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Love Notes

No "mads" in Maui

When my daughter Annie asked if I wanted to spend the first week of December with her visiting Iceland, I did not exactly warm up to the idea. No offense to Iceland.  I hear it’s a fascinating and beautiful country. Nevertheless, if someone wants to escape Sandpoint any time during the winter, Iceland is probably not likely to land on the short list of choices.

So, that idea fell by the wayside, and I figured she’d given up her plans to set off on yet one more adventure before 2009 ended. At the rate she’s going, by the time Annie reaches my tender age of 62, her bucket list of “things to do before I die” could turn pretty short itself.

After climbing Mt. Rainier in 2008 and visiting Boston and Hawaii, Annie’s itinerary this year has included a week in Ireland, a climb up Mt. St. Helens with her dad, a visit to New Mexico, a business trip to Salt Lake City and hundreds of miles spent traversing the Northwest. In May, she ran her first-ever marathon in Vancouver, B.C., and later accompanied us to Chicago for a family reunion.

If at first, you don’t... Well, a little later, Annie contacted me once again with a travel plan. This time she succeeded in convincing me to accompany her on a trip. Indeed, Maui sounded a whole lot better than Iceland, and, at the time, travel packages were relatively inexpensive. I still came up with excuses, like “too close to Christmas,” “spending all that money,” “January or February would be better, etc.” But prices would never be better, and Annie had to use those vacation days before the year ended.

I also recalled my painful regret earlier this year of wanting so much to go with her to Ireland. Unfortunately, my sense of responsibility overruled my desire, and I’d been kicking myself ever since. Sometimes we’re just too responsible for our own good, I later reasoned.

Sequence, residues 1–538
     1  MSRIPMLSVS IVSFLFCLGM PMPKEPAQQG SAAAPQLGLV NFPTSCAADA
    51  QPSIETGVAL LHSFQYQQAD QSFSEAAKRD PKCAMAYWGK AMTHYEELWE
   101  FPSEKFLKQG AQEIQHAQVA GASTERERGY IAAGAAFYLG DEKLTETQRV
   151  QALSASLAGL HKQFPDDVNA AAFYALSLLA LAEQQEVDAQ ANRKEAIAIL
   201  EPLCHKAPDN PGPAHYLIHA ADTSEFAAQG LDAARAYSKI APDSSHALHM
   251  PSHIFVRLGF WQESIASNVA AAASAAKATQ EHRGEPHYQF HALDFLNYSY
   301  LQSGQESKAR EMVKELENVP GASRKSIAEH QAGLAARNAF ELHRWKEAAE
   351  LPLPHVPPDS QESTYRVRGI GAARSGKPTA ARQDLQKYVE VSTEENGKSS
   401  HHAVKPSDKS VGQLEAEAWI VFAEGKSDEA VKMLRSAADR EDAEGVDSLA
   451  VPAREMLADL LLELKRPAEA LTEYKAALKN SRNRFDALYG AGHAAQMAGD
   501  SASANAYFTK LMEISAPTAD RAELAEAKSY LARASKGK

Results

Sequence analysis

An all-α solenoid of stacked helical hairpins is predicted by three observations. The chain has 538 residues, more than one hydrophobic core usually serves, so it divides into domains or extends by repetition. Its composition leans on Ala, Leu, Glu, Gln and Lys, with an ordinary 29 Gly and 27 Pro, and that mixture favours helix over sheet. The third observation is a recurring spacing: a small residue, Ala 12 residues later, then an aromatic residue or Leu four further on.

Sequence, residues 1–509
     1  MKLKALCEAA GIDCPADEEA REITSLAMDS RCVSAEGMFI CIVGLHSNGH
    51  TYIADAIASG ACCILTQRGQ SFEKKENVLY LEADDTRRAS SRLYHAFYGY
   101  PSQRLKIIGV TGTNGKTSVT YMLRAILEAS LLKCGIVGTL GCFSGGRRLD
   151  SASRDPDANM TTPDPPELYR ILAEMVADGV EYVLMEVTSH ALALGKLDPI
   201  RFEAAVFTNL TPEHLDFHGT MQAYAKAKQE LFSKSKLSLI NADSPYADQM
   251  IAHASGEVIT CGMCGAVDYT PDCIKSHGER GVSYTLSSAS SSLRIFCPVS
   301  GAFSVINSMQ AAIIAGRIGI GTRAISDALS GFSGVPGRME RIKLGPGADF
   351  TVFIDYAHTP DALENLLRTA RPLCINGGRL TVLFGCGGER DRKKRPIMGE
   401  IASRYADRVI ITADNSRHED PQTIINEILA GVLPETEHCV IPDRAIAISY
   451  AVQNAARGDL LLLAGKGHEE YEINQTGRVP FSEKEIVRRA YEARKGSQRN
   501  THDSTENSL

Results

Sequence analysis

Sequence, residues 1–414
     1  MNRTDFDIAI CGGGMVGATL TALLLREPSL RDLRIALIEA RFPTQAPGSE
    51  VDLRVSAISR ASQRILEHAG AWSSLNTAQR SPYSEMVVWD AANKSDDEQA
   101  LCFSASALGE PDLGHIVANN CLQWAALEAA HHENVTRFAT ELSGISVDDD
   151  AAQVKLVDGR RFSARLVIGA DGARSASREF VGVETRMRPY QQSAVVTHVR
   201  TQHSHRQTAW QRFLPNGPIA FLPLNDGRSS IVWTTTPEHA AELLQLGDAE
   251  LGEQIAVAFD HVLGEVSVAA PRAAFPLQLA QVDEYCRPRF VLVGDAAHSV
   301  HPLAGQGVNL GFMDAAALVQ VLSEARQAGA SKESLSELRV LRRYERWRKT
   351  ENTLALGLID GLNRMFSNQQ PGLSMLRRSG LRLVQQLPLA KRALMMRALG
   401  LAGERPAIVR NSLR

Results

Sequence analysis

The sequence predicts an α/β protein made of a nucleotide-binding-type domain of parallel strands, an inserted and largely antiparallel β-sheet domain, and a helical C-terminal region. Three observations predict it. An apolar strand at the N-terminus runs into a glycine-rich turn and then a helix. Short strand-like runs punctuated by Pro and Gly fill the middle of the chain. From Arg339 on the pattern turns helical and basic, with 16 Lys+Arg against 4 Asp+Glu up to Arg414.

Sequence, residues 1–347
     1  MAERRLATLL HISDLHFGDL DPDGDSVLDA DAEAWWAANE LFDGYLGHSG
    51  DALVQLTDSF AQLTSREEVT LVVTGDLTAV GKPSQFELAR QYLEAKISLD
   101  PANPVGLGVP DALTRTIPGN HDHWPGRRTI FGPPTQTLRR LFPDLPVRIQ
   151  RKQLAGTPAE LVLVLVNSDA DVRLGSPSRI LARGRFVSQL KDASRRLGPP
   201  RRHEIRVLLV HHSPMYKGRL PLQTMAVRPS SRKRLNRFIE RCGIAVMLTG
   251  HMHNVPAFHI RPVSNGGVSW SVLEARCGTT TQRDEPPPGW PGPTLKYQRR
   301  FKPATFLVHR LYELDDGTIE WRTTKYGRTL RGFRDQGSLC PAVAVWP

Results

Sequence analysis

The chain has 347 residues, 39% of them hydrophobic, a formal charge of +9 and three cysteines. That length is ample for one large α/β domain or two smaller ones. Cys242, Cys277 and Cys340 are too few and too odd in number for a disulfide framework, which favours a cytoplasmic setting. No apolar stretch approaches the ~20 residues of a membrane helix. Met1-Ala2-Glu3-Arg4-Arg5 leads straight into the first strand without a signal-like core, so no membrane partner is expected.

Soon, I was saying “Yes, I can.” Soon, I was hurrying to get Christmas “to dos” completed early. Soon, I was arranging for Jennifer down the road to check on dogs and horses each day while I was gone. My friend Cis promised to keep in touch with my mom each day during that week while Bill and Willie would do chores. Soon, I was flying to Seattle and later spending that first night attending Annie’s Groundspeak, Inc. company party. After a few hours of sleep, Annie and I were sitting side by side on a long flight to Maui. 

Before going, we had made one promise to each other. I had requested that if we went on this trip, there would be no “mads.”  “Mads” occasionally happen when Annie and I spend a few days together, especially traveling. Annie quickly agreed, adding, “Well, if you’re on your good behavior, Mom, we’ll have no problems.” 

That was reassuring.

Besides behaving, I also took on another responsibility, and that was to take no responsibility. Early into the trip, after failing to bring my warm clothes for the drive to the frigid zone atop a 10,000-ft. volcano (even though I had a good excuse), I cautioned Annie not to think her mother had turned into an imbecile permanently.